dchristian
06-15-2006, 12:45 AM
You are right, I would not attempt to make any critical part. Just simple things like a spacer or trim part or brackets. I made some axle's for my homemade welding cart but the biggest risk there is that it will fall on my foot. Yes, the part is cast metal but having never tried to cut cast metal before I was not sure I was doing it right. The cut is not all that good but I have a 1/4 in carbide bit, I have some 1/2 bits on the way. The bit is getting hot enough that it is getting discolored and the tip gets red at times. I asume that is not good. I am making a light feed, if I try to go heavier it bogs down the lath. I think I may be turning at to high a speed. Any way thanks for the help and I will keep at it.

Mark Hockett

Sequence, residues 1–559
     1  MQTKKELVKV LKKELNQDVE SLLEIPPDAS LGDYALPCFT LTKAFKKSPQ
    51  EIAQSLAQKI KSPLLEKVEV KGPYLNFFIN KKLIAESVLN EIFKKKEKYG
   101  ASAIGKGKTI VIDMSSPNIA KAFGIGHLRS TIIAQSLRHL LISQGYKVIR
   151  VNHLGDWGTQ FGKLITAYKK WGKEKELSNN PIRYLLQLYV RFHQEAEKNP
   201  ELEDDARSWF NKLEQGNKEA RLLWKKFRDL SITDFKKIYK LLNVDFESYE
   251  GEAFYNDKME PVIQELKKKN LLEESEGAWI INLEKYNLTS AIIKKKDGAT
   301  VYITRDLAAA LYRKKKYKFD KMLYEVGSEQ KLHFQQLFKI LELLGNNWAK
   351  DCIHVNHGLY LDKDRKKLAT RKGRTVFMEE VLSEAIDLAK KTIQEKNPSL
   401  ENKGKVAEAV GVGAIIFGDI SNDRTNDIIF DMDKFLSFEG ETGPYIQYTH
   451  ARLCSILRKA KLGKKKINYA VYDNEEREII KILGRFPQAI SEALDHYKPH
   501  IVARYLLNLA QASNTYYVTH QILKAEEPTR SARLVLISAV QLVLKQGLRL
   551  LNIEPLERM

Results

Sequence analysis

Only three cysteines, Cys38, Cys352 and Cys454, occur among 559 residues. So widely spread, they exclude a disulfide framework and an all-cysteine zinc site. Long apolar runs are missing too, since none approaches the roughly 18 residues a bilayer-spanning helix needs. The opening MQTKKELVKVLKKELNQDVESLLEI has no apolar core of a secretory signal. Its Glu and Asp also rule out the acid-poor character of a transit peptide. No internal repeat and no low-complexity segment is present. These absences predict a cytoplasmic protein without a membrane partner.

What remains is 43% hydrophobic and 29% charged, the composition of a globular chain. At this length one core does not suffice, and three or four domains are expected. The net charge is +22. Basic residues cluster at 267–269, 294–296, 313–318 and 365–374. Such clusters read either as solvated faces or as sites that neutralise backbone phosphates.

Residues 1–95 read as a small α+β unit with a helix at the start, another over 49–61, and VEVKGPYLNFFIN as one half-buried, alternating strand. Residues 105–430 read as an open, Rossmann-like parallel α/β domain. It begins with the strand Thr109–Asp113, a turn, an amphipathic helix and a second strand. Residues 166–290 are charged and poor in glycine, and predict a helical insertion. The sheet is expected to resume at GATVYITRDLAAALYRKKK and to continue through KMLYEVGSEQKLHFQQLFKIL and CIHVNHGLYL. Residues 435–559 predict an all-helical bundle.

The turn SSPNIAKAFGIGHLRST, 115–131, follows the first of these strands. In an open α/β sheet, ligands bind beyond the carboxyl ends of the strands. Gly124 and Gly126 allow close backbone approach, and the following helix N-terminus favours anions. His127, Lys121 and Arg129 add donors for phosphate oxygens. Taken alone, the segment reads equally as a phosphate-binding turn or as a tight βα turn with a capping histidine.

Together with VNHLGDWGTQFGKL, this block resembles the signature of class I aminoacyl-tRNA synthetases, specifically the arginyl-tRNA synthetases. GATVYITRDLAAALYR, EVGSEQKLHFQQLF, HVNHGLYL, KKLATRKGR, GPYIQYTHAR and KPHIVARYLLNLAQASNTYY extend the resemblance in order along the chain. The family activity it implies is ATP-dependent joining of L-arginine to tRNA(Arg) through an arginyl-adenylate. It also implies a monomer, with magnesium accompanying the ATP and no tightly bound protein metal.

06-15-2006, 01:34 AM
dchristian,
It sounds like you were turning it too fast or your cutter is very dull. Cutting cast iron with HSS tooling should be done at around 70 ft/min. If your using carbide it should be between 300 and 800 ft/min. The way you calculate the RPM is ft/min times 3.82 divided by the diameter of the part. So if you are using carbide a good starting point would be 300 X 3.82 = 1146 divided by 6.0" = 191 RPM. This only works if your setup is rigid (not with a 1/4" cutter) and your cutting tools are sharp. The RPM for HSS tooling would be about 45.
I would recommend finding a copy of the Machinery's Handbook. It lists cutting speeds and feeds for most metals.

You should have tons of fun with that lathe and mill.

Mark Hockett
Island Tech Enterprises
Clinton, WA
360-914-6026

More chip less lip

dchristian
06-15-2006, 09:14 AM
WOW! What a difference and a lesson in lath speed! Slowed down the lath to 300, sharpened the bit and it cut like a champ. A nice smooth cut too. Thanks to everyone, this is fun! I just wish I had tried this years ago

dchristian
06-15-2006, 09:44 AM